I find it interesting and quite distressing to see adult diapers alongside baby diapers. The fact is…many adults, about 13 million Americans, are using diapers to treat incontinence. It is a growing health care problem that involves primarily women.
Urinary incontinence is the inability to control the flow of urine, or leaking of urine involuntarily. It is a symptom, not a disease. At least 30% of the adult population and 50% of nursing home residents present with urinary incontinence. Despite how prevalent this problem is, more than 60% of people with urinary incontinence will never mention it to their doctor.
It is NOT just a symptom of aging. There are many factors that contribute to incontinence. Some of these are having babies, being in menopause, smoking, chronic cough and even genetics. Sometimes the cause is neurological, such as following a stroke, or having a bladder infection, or certain medications such as diuretics.
There are different types of incontinence. Stress incontinence causes leaking when you sneeze, cough, run or lift heavy objects. It’s common after menopause and after having babies.
Urge incontinence is when the bladder contracts too early before getting to the bathroom.
Overflow incontinence is when the bladder muscle does not work well and doesn’t empty completely.
So what to do?
1. Keep a diary. I know…sounds weird. But if you record what you drink, every time you urinate, the times you urinate and when you leak, then it tells the practitioner if you are drinking too much or too little fluids. Not drinking enough can also cause leaking because the urine becomes more acidic and spasms.
2. Certain foods can cause incontinence. Consider avoiding caffeine (even candy bars), alcohol, acidic and spicy foods, artificial sweeteners and vitamins C.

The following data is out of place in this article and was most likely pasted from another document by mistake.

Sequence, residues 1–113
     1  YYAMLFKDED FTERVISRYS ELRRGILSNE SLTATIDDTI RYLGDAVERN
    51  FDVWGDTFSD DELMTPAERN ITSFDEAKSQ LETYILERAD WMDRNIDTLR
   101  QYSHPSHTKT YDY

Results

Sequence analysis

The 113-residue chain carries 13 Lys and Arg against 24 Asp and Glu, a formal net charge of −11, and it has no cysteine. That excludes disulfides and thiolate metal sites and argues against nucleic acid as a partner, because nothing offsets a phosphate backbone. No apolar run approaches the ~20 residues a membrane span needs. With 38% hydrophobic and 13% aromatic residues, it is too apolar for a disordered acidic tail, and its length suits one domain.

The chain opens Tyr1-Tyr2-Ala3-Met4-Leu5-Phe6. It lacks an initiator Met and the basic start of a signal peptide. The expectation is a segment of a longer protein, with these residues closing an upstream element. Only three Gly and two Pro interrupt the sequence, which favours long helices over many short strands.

3. Constipation can put pressure on the bladder. Drinking adequate fluids, eating a high fiber diet and exercise can regulate your bowels and help with incontinence.
4. Kegal exercises (pelvic muscle exercises) are helpful, especially before lifting, coughing or sneezing.
5. For women who only have a problem with exercise, you can try inserting a tampon before playing.
6. Urinate every 2-4 hours. Holding the urine destroys the sensors that tell you when the bladder is full. It also raises the risk of infection.
7. Bladder Training. Urinate every hour for a few days. Then hold it up to 2 hours. Build up to urinating every 3-4 hours.
8. See an experienced practitioner for other options which include devices such as pessaries, urethral inserts, medications and surgery.
Don’t think that you have to live with these symptoms. There other things you can do besides diapers.
Reference: McGuire, L. Mayo Clinic Women’s Healthsource. “Mayo Clinic Office Visit Coping With Incontinence”. Dec. 1999.
health, wellness, women’s health, womens health